Growing Up is Hard to Do

I still remember crying when the Boston Celtics traded one of my favorite players Danny Ainge to the Sacramento Kings in 1989. He was part of the core five that won a pair of championships together. Larry Bird, Robert Parish, Kevin McHale, Dennis Johnson, and Danny Ainge. I lived to watch their games, even owned a poster which featured all five (still have it), so when Ainge was traded, I was heartbroken. There was absolutely no way to convince a young girl that dealing Ainge for a center named Joe Kleine could make the team better. I felt betrayed, and I knew my Celtics would never be the same.

Not sure that irrational fanatacism ever goes away completely. We eventually understand the sports industry is driven primarily by money. But no matter how old we get, a chasm will always exist between head and heart when it comes to our sports heroes. It still hurts when our favorite athletes move onto another chapter in their careers.

Peyton Manning IS the Indianapolis Colts: the most famous player in franchise history. Their number one draft pick in 1998, he led them to 11 playoff appearances and a pair of Super Bowls; helped them win a ring while racking up four MVP awards; and became the face of the franchise as well as an ambassador for the NFL. He’s a future Hall of Famer with an Indy children’s hospital bearing his name. Peyton IS the Colts … or rather, he WAS until this week when the team cut him loose instead of paying his $28 million dollar bonus. Granted, he missed last season after multiple neck surgeries and may not be the same player when he returns; but after a few tears, the marriage ended with no backward glance. Loyalty flies out the window in the face of business.

If there’s any consolation, Colts fans, you can be sure plenty of other people feel your pain. Not that long ago, it was Packers’ fans mourning the departure of Brett Favre, and to make matters worse, he eventually landed with their chief rival. The Niners bid farewell to not one, but TWO Hall of Fame quarterbacks in Joe Montana and Steve Young, and then they let Jerry Rice finish his career somewhere else. Johnny Unitas was shipped from the Baltimore Colts to the Chargers to play out the string. And these painful sports divorces aren’t limited to football. Lebron James stunned the Cleveland faithful by announcing his unceremonius departure on national TV. “The Great One” Wayne Gretzky won four Stanley Cup titles in five years with the Oilers, only to ask for a trade to the Kings. Albert Pujols earned a pair of World Series rings with the Cardinals but didn’t like their contract offer this winter and took the money and a fresh start with the Angels. Johnny Damon stabbed the Red Sox crazies in the heart when he donned pinstripes with the rival Yankees.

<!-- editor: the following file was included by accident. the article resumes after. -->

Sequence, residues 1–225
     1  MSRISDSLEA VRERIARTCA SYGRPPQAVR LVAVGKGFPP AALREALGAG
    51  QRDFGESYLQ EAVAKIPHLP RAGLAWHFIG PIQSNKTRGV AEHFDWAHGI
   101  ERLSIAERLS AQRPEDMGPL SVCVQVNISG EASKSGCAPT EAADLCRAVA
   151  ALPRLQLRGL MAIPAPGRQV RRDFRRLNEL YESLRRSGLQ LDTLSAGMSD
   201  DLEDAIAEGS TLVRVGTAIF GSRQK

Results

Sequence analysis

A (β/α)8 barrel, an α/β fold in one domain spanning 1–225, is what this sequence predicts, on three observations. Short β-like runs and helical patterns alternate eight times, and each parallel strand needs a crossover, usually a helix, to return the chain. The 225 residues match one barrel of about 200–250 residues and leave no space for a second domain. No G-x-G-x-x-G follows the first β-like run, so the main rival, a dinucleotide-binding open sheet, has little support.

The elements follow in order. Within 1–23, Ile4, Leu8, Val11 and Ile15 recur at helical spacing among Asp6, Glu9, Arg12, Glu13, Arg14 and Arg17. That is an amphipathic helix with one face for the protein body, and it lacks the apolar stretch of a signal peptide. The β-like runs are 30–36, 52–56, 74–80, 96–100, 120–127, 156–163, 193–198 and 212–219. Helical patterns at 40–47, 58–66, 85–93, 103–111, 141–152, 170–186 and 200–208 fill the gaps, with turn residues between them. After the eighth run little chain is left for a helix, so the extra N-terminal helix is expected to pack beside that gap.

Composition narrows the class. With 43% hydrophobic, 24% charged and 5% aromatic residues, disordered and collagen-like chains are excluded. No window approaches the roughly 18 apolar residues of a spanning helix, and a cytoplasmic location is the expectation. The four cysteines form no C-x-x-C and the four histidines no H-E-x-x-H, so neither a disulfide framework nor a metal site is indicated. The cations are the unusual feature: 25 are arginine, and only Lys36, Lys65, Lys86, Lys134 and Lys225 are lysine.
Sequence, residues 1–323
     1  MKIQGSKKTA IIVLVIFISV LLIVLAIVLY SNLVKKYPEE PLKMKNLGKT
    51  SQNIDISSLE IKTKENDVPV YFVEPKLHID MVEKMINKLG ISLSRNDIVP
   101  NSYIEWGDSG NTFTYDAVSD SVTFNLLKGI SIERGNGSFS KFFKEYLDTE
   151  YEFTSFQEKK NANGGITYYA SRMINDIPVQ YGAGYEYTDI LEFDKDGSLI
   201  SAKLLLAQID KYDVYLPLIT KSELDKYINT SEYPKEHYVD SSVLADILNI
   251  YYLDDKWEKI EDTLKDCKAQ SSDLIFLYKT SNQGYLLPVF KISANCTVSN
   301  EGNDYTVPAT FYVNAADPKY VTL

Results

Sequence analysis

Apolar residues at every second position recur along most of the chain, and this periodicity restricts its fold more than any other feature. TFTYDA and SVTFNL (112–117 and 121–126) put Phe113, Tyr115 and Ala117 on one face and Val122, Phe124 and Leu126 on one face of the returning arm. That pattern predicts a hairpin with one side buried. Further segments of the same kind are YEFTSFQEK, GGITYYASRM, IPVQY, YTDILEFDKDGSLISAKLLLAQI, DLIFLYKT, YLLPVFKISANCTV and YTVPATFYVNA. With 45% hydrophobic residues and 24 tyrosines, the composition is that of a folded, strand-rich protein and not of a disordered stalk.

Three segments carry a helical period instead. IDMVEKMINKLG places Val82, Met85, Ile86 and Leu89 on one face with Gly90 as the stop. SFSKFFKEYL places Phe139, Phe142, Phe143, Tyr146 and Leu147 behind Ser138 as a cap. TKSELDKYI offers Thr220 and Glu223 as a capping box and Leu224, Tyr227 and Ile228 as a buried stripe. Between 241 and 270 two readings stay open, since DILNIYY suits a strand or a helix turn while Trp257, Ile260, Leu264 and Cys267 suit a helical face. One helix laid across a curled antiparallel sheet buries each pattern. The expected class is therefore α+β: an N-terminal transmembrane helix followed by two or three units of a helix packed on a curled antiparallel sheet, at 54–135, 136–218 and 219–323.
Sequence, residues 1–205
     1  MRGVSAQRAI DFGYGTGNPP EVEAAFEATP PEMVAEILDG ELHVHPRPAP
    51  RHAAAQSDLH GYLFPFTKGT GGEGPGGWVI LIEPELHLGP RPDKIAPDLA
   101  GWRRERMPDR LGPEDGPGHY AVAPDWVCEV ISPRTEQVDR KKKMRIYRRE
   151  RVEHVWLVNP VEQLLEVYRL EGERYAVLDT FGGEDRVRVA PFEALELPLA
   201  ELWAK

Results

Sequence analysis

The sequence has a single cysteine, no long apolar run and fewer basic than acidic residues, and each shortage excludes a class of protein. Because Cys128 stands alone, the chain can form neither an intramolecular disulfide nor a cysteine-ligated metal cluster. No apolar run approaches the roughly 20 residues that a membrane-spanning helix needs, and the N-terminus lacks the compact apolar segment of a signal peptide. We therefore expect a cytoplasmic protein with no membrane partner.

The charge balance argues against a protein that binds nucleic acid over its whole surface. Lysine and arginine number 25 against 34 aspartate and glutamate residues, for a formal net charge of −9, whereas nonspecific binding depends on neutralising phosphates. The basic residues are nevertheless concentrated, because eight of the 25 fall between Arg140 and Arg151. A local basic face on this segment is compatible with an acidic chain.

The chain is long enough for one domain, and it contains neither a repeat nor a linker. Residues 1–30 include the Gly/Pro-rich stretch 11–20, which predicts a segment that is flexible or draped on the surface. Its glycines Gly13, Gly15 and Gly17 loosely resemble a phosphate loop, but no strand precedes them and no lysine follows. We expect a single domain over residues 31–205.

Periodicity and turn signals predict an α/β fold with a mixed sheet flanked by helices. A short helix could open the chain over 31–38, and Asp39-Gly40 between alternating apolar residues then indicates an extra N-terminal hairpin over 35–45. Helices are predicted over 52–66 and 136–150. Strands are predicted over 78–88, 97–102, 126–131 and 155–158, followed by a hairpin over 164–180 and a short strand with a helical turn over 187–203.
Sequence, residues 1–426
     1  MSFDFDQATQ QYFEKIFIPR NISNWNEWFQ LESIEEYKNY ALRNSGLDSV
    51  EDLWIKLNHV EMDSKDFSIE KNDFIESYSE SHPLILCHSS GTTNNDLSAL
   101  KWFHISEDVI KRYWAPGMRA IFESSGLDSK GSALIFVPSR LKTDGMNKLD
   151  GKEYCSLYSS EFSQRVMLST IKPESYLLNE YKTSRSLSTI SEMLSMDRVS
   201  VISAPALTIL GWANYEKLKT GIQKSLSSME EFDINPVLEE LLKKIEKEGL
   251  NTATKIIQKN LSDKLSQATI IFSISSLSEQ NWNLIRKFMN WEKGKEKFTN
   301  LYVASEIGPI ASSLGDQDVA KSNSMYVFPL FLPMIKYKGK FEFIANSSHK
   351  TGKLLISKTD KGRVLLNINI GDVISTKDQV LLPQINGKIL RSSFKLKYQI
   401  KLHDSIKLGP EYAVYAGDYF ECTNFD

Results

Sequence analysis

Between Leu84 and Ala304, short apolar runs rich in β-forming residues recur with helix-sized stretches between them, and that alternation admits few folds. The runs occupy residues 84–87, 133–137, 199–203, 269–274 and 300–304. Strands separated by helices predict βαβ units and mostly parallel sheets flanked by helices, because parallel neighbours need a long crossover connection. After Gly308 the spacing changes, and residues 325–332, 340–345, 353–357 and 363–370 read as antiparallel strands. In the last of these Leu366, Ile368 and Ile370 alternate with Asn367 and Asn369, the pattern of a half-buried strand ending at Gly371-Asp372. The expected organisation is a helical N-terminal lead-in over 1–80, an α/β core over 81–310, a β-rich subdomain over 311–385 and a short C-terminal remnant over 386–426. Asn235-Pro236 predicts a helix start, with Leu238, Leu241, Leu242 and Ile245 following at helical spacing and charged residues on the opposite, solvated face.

Whether it’s the decision of the player or the team, it never gets easier to see our favorite athletes wearing different uniforms, throwing touchdowns, hitting home runs, or wooing fans in a new city. When you’re a kid, you have no idea why your hero deserted you or how you’ll survive. When you’re an adult, you realize sports is NOT just a game; instead, nearly every decision comes down to the bottom line. When you’re an adult, you’re expected to be rational. You can’t cry and throw a fit and refuse to come out of your room when your favorite player is traded. But admit it — that’s what we all WANT to do now and then, right, even if the tantrum only lasts a moment? So go ahead, Colts fans, we totally understand.

5 Responses to “Growing Up is Hard to Do”

  1. Mine came when Jim Kelly retired. That was a tough pill to swallow. I was 14 when he retired in 1996, and I just assumed that the Bills went to the playoffs and the Super Bowl every year (except 1994). I figured that they would immediately find the next great quarterback, but the Bills are still looking for that. At least he didn’t go to another team. Thurman Thomas (in a Dolphins uniform nonetheless), Bruce Smith, Andre Reed, Darryl Talley, Cornelius Bennett, and Nate Odomes all finished with other teams, and I had a hard time taking it then.

  2. Looking forward to the game this coming NFL season, between Peyton’s new team, and the Colts.

    Watching him slice them up should be entertaining.

  3. Joseph Haas Says:

    Great piece. Love supporting your work. You look at things from an angle most gloss over or miss completely.

  4. San Francisco has seen Willie Mays, Willie McCovey and Joe Montana traded…it was hard to accept then as it is now-Indianapolis, we feel your pain to lose an icon.

  5. Being a longtime celtic fan, I remember when Danny was traded and it felt like the end of an era. Even though bird and company were on the team, it never ever felt the same. Great post, by the way. We all want the glory to last forever and our favorite teams to stay immutable, unchanging. If only life were so.

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